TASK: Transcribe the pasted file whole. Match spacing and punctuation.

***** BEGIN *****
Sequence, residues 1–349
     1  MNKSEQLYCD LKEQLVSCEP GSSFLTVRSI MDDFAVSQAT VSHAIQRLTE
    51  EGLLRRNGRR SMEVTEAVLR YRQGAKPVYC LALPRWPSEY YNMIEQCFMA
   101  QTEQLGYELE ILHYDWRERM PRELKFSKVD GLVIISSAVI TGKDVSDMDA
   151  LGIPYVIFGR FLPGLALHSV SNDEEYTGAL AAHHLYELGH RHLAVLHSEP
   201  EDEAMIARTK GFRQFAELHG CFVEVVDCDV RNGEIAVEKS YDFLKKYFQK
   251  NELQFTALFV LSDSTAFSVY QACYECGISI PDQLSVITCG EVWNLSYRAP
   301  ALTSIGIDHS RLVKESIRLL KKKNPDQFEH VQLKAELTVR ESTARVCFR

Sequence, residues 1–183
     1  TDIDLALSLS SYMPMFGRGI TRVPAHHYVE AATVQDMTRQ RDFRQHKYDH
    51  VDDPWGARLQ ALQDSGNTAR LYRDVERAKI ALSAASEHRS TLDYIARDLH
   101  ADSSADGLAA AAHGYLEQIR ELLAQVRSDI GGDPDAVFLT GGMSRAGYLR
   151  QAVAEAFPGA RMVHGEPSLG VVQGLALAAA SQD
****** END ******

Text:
Sequence, residues 1–349
     1  MNKSEQLYCD LKEQLVSCEP GSSFLTVRSI MDDFAVSQAT VSHAIQRLTE
    51  EGLLRRNGRR SMEVTEAVLR YRQGAKPVYC LALPRWPSEY YNMIEQCFMA
   101  QTEQLGYELE ILHYDWRERM PRELKFSKVD GLVIISSAVI TGKDVSDMDA
   151  LGIPYVIFGR FLPGLALHSV SNDEEYTGAL AAHHLYELGH RHLAVLHSEP
   201  EDEAMIARTK GFRQFAELHG CFVEVVDCDV RNGEIAVEKS YDFLKKYFQK
   251  NELQFTALFV LSDSTAFSVY QACYECGISI PDQLSVITCG EVWNLSYRAP
   301  ALTSIGIDHS RLVKESIRLL KKKNPDQFEH VQLKAELTVR ESTARVCFR

Sequence, residues 1–183
     1  TDIDLALSLS SYMPMFGRGI TRVPAHHYVE AATVQDMTRQ RDFRQHKYDH
    51  VDDPWGARLQ ALQDSGNTAR LYRDVERAKI ALSAASEHRS TLDYIARDLH
   101  ADSSADGLAA AAHGYLEQIR ELLAQVRSDI GGDPDAVFLT GGMSRAGYLR
   151  QAVAEAFPGA RMVHGEPSLG VVQGLALAAA SQD